Election day is approaching, and investors are not only wondering what is next for the country, but also what is next for the markets.  How do political policies such as taxes and social programs affect the stock market?  In this blog post, we will discuss what history can tell us about the interaction between political policies and stock market returns.

What can history tell us about tax policies and social programs and their effect on the stock market?  The answer is very interesting and probably not what you would expect (depending on your political views).  In our recent past, two of the more notorious presidents for tax cuts have been President Reagan and President George W. Bush.  During Reagan’s time in the white house, congress cut the highest marginal tax rates from 70% down to 28% by the end of his second term.  Congress also enacted tax cuts that decreased the lowest income tax bracket from 14% to 11%.  His administration also cut capital gains tax rates from 28% to 20%.  How did the stock market do during his tenure?   The S&P 500 faired well and was up, on average, 15.8% annually during his presidency.

Before you start thinking that tax cuts are the end all be all for the market, let’s look at George W. Bush’s presidency.  In 2001 and in 2003 congress passed tax cuts which reduced the income, capital gains, and dividend tax rates.  The market must have gone up during his presidency, right? Not quite.  During Bush’s two-term presidency, the S&P 500 was down, on average, 4.4% per year.

Let’s dig a little deeper into what happened during the Bush presidency.  Upon stepping foot in the oval office, the market was in the middle of one of the worst crashes in recent history.  The tech bubble had just burst, and many “dot-com” companies went belly up overnight.  Several months later, we had the 9/11 terrorist attacks which lead to more market volatility as our nation dealt with uncertainty.  Toward the end of the Bush presidency, the 2008 financial crisis began, and the S&P 500 was down nearly 17% in October 2008 alone (right before the election).  All these items were HUGE market events that had little to do with who was sitting in the oval office at the time.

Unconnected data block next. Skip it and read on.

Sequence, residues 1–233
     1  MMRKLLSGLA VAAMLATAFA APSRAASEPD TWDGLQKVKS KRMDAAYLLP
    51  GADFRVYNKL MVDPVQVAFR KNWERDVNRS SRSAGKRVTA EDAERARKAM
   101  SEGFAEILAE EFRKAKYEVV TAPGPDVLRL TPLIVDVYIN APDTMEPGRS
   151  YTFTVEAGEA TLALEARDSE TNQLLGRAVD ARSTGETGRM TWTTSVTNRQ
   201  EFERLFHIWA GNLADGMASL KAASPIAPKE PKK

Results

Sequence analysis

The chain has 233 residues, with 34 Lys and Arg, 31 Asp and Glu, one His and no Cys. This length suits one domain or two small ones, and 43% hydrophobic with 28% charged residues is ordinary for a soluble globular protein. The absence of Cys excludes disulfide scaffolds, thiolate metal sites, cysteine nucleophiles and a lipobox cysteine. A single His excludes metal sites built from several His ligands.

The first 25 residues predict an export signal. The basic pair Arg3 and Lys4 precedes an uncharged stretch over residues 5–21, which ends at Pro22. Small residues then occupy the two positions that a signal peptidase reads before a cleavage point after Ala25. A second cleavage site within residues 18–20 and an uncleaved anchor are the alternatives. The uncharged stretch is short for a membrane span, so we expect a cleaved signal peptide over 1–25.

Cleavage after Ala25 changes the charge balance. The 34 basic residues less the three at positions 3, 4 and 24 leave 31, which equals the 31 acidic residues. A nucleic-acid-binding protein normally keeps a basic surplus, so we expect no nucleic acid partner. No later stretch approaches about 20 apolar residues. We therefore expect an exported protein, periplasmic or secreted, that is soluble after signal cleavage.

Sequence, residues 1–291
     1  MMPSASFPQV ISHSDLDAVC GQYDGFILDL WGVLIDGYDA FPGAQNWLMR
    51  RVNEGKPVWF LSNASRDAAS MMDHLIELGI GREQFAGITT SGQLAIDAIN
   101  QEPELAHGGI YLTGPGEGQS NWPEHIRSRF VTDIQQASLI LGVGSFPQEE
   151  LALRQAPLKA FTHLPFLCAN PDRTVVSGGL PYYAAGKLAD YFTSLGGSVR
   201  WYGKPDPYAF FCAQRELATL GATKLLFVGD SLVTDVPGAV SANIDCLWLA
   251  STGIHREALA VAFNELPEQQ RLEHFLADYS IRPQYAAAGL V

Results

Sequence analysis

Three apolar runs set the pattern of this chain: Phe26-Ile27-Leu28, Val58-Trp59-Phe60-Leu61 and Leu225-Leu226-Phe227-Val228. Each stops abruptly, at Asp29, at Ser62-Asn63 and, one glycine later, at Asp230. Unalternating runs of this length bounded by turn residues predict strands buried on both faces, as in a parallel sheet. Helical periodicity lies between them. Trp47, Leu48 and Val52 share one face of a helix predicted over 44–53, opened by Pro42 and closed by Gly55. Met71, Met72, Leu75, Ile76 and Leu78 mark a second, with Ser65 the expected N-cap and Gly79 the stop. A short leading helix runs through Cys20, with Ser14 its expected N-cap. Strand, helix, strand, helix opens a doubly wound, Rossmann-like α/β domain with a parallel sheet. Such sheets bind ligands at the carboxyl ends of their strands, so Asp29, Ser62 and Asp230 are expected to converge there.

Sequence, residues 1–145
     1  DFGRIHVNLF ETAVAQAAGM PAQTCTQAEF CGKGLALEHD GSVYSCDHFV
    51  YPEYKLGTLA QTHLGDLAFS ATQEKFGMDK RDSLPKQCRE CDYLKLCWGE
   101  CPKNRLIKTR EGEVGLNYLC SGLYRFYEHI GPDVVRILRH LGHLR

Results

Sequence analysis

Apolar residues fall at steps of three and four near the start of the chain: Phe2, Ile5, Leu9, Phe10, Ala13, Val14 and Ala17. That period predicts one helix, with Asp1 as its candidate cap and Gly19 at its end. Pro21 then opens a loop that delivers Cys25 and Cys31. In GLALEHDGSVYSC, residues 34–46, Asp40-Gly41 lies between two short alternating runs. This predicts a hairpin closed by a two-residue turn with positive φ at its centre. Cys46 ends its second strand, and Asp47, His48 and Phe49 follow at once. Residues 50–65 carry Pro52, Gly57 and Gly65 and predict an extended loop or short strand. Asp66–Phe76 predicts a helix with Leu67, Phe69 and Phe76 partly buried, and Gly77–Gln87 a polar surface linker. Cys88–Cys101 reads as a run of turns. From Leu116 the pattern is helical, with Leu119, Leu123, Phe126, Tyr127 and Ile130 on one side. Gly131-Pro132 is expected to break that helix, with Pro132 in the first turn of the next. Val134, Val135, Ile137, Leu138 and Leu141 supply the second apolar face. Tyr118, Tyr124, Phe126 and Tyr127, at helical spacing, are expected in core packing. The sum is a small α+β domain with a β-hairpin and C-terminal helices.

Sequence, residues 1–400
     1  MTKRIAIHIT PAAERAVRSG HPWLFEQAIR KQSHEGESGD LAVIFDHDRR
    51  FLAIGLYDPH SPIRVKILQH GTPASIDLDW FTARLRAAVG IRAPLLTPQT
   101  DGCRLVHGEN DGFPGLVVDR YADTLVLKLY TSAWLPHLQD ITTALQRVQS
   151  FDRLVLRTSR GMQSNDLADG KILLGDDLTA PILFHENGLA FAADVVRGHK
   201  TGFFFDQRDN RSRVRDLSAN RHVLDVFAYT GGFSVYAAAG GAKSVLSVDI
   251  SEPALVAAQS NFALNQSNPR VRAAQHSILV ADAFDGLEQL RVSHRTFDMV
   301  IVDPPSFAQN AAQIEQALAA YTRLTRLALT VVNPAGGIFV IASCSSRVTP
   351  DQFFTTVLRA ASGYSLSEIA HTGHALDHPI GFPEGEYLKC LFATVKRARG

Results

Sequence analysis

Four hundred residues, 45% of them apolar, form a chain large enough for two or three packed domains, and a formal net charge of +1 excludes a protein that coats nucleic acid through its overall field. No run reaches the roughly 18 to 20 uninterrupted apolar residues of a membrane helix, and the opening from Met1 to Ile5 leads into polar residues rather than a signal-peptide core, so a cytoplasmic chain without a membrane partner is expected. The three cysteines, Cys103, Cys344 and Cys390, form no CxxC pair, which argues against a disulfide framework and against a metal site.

Many argue that higher taxes and social welfare programs are bad for the stock market.  One of our most recent presidents that was known for both was President Obama.  During his tenure, Congress passed the Affordable Care Act as well as raised the top marginal tax rate to 39.6%.  While Obama was in office, Congress also created a “surtax” on investment income.  Certainly, this would crash the stock market, right?  During the Obama years, the stock market was up 16% on an annual basis.

While Presidents like to take credit for good market runs and lay blame for bad ones, history tells us that the person and political party in the White House is just a small variable relating to the success of the markets and economy.  Other more prominent factors such as consumer spending and behavior, inflation, GDP growth and commodity prices that are all baked into stock prices.  As history shows us, it is not clear cut that these policies have a direct impact on financial markets.

We cannot stress enough the importance of having the proper investment strategy, no matter who controls the White House or Congress. This election season be sure to vote with your ballot and not your bank account.  You should also remember that you are investing in companies and not political parties or their policies. If you need help devising an investment strategy to meet your needs, please contact us today.

Author: Brett Fry

Brett rejoined Forteris Wealth Management this year and is managing our office in Dallas, TX.  While helping clients plan for retirement, education and generational asset transfers, Brett's expertise in portfolio management, managing concentrated stock positions, planning for the sale of a business, and helping young professionals accumulate wealth enables him to guide clients through their continuously changing financial decisions.